“Uplifting and lively, Perrier-Jouët is made with parties in mind,” says Harper’s Bazaar. “Expect vibrant citrus and delicate floral aromas, balanced by buttery brioche and spiced vanilla. We recommend serving with light seafood like grilled scallops or sashimi, though this would make an excellent aperitif, too.”

6. Veuve Clicquot Yellow Label Brut

Veuve Clicquot Yellow Label is blended from grapes that originate from as many as 50 or 50 different vineyards and is usually a combination of Pinot Noir, chardonnay, and Meunier. The yellow label is aged for three years minimum. “This wine is made to a precise formula, unvarying from year to year and bottled with the inclusion of Veuve’s vast collection of reserve wines, blended into Yellow Label to ensure consistency,” writes Eater. “Yellow Label gets 10 grams per liter of dosage (which refers to the sugar added into Champagne at bottling to balance acidity and promote longevity), and is composed of grapes from more than 60 parcels across Champagne.”

A bottle of this champagne pairs perfectly with cheese or lighter meals like seafood or pasta and is known for balancing strength and aroma with silkiness. “Veuve Clicquot is an iconic and prestigious Champagne that has garnered worldwide acclaim,” writes Wine with Paige. “Known for its consistent quality, it offers a perfect balance of elegance and depth. With its signature yellow label, this Champagne delights the palate with notes of citrus, brioche, and stone fruits, making it a timeless choice for both celebrations and moments of indulgence.”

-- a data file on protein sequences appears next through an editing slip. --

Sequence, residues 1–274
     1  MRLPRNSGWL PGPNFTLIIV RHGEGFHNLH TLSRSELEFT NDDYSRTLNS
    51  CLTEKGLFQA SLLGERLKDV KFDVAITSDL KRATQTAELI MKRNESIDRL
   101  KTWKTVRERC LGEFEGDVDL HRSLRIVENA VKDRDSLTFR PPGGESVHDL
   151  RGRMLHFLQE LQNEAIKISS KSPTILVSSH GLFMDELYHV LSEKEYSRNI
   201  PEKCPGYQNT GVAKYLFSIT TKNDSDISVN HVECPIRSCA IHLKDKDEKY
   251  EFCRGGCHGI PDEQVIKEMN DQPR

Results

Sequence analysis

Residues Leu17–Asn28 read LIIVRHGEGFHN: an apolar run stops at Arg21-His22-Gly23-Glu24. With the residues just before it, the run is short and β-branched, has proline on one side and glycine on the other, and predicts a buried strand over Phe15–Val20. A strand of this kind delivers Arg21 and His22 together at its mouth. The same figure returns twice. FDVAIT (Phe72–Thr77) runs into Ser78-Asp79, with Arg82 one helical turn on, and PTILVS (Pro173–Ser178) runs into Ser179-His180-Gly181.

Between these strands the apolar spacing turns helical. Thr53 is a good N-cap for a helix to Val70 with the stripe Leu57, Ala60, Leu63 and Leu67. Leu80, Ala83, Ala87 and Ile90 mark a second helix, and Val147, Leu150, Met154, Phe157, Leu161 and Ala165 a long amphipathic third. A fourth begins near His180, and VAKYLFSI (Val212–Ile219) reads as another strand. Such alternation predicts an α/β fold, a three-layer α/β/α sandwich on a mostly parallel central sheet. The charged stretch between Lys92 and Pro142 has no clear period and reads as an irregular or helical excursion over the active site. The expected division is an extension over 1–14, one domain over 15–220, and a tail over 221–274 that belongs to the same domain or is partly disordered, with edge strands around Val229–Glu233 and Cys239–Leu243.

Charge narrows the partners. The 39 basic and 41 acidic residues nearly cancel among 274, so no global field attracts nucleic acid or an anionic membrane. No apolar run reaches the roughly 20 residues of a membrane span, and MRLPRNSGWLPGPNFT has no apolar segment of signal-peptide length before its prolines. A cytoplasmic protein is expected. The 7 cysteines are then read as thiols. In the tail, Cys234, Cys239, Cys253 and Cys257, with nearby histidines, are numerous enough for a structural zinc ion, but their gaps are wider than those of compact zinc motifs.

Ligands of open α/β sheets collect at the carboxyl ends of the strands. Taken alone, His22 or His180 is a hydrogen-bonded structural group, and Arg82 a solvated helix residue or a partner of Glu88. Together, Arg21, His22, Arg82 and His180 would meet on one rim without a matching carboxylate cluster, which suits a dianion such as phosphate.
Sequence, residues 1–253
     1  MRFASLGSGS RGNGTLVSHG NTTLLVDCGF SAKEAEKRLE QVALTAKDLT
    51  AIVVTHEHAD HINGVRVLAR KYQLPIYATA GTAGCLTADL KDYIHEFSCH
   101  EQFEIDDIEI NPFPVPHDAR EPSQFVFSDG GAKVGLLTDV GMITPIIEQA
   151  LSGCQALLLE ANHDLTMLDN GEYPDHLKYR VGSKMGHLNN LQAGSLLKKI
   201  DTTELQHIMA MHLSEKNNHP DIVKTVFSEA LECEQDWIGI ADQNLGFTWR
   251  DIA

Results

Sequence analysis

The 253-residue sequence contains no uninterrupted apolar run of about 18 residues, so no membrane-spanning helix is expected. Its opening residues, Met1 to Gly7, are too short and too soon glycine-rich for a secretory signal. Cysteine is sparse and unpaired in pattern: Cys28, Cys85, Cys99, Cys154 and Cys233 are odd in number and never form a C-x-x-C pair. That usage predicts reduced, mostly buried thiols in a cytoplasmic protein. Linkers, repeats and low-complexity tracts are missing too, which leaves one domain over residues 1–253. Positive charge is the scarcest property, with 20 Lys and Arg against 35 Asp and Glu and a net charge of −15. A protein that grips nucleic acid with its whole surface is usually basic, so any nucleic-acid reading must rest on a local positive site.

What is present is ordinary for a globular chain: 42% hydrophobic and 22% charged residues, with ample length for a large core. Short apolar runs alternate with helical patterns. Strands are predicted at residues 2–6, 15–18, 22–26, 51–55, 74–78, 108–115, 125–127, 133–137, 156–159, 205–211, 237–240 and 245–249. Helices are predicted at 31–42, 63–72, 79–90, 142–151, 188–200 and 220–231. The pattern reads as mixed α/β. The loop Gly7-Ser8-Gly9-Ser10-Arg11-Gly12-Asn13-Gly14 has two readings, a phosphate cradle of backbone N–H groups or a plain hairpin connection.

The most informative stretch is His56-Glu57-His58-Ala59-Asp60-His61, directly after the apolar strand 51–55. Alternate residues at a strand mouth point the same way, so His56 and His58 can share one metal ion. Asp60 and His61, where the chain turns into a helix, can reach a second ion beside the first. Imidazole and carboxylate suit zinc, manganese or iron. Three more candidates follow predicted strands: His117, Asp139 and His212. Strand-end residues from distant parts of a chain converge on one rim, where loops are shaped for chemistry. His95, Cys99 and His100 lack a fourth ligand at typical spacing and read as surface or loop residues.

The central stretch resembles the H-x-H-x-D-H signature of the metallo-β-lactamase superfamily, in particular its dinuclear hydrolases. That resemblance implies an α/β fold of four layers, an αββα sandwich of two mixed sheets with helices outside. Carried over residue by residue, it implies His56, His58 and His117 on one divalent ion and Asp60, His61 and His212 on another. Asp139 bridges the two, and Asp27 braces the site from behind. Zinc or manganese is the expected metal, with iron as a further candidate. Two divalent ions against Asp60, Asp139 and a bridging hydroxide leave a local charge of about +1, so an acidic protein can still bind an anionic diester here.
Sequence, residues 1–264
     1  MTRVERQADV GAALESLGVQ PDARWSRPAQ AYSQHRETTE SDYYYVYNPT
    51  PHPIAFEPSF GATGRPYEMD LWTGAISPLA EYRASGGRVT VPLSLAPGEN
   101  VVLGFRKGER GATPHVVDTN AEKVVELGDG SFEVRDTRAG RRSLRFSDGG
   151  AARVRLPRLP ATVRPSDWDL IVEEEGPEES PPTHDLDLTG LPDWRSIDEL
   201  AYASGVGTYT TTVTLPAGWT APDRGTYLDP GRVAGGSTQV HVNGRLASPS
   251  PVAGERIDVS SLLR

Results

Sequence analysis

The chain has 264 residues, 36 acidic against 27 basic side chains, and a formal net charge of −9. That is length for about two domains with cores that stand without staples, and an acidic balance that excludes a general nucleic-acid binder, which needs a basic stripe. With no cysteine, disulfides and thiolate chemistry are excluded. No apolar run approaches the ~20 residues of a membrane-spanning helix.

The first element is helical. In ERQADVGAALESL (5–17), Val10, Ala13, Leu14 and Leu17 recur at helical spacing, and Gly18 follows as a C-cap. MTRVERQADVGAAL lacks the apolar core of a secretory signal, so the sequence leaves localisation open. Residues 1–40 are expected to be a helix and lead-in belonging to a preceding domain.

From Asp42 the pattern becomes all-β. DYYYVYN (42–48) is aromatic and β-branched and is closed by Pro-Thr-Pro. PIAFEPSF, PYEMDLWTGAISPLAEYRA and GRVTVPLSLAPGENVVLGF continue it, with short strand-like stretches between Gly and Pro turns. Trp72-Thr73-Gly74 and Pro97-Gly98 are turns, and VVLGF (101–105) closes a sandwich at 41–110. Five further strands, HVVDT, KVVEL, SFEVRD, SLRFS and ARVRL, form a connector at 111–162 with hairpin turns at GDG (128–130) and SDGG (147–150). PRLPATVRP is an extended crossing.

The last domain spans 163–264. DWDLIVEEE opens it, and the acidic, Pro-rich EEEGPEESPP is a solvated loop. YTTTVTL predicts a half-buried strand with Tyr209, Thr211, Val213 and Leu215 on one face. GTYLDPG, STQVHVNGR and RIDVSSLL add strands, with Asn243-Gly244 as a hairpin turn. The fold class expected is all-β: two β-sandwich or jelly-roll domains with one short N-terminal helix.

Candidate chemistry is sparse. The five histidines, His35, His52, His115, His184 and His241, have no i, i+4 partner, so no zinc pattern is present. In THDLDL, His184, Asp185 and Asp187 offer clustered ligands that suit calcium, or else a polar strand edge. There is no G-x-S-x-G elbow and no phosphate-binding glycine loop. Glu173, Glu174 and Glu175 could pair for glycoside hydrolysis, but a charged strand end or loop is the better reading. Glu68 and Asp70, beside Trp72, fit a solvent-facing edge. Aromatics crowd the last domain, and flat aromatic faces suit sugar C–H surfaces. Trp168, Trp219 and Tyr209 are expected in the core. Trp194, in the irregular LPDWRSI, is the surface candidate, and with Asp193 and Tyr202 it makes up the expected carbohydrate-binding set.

“This medium-bodied, brut champagne is known for being consistent and well-balanced,” writes Yahoo. “That’s why you’ll see the telltale yellow label at many celebrations! It is dry and has the flavors of ripe fruit, making it very drinkable no matter the occasion.”

7. Taittinger Brut La Francaise

Taittinger Brut La Francaise comes from the third-oldest production house in the Champagne region, which houses around 600 acres of wine-producing grapes. “The signature Brut Reserve is a must-try,” writes Elite Traveler. “Known for its unusually high proportion of Chardonnay in a non-vintage Champagne, this unique bottle is a crowd-pleaser, delicately balancing subtle flavors of brioche, honey and fresh fruit.”